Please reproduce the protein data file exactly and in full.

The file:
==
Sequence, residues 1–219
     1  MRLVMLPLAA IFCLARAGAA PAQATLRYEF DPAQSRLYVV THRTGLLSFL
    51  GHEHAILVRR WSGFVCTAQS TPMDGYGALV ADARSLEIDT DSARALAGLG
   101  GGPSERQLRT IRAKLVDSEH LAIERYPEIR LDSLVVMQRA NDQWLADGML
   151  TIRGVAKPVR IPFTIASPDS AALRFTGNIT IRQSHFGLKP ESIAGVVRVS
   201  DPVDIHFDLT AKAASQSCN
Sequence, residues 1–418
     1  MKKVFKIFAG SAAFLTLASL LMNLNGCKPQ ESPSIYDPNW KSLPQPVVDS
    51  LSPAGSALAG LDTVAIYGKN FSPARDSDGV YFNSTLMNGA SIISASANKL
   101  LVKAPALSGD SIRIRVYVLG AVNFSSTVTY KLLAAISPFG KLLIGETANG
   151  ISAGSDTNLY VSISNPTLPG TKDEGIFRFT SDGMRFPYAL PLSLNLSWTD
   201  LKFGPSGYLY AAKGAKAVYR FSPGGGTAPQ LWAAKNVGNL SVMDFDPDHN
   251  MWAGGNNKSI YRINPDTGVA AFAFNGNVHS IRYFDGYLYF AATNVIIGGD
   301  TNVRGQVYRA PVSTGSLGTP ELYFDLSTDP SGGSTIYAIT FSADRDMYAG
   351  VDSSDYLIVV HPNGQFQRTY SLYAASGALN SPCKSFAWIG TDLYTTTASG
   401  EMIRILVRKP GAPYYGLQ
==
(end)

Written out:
Sequence, residues 1–219
     1  MRLVMLPLAA IFCLARAGAA PAQATLRYEF DPAQSRLYVV THRTGLLSFL
    51  GHEHAILVRR WSGFVCTAQS TPMDGYGALV ADARSLEIDT DSARALAGLG
   101  GGPSERQLRT IRAKLVDSEH LAIERYPEIR LDSLVVMQRA NDQWLADGML
   151  TIRGVAKPVR IPFTIASPDS AALRFTGNIT IRQSHFGLKP ESIAGVVRVS
   201  DPVDIHFDLT AKAASQSCN
Sequence, residues 1–418
     1  MKKVFKIFAG SAAFLTLASL LMNLNGCKPQ ESPSIYDPNW KSLPQPVVDS
    51  LSPAGSALAG LDTVAIYGKN FSPARDSDGV YFNSTLMNGA SIISASANKL
   101  LVKAPALSGD SIRIRVYVLG AVNFSSTVTY KLLAAISPFG KLLIGETANG
   151  ISAGSDTNLY VSISNPTLPG TKDEGIFRFT SDGMRFPYAL PLSLNLSWTD
   201  LKFGPSGYLY AAKGAKAVYR FSPGGGTAPQ LWAAKNVGNL SVMDFDPDHN
   251  MWAGGNNKSI YRINPDTGVA AFAFNGNVHS IRYFDGYLYF AATNVIIGGD
   301  TNVRGQVYRA PVSTGSLGTP ELYFDLSTDP SGGSTIYAIT FSADRDMYAG
   351  VDSSDYLIVV HPNGQFQRTY SLYAASGALN SPCKSFAWIG TDLYTTTASG
   401  EMIRILVRKP GAPYYGLQ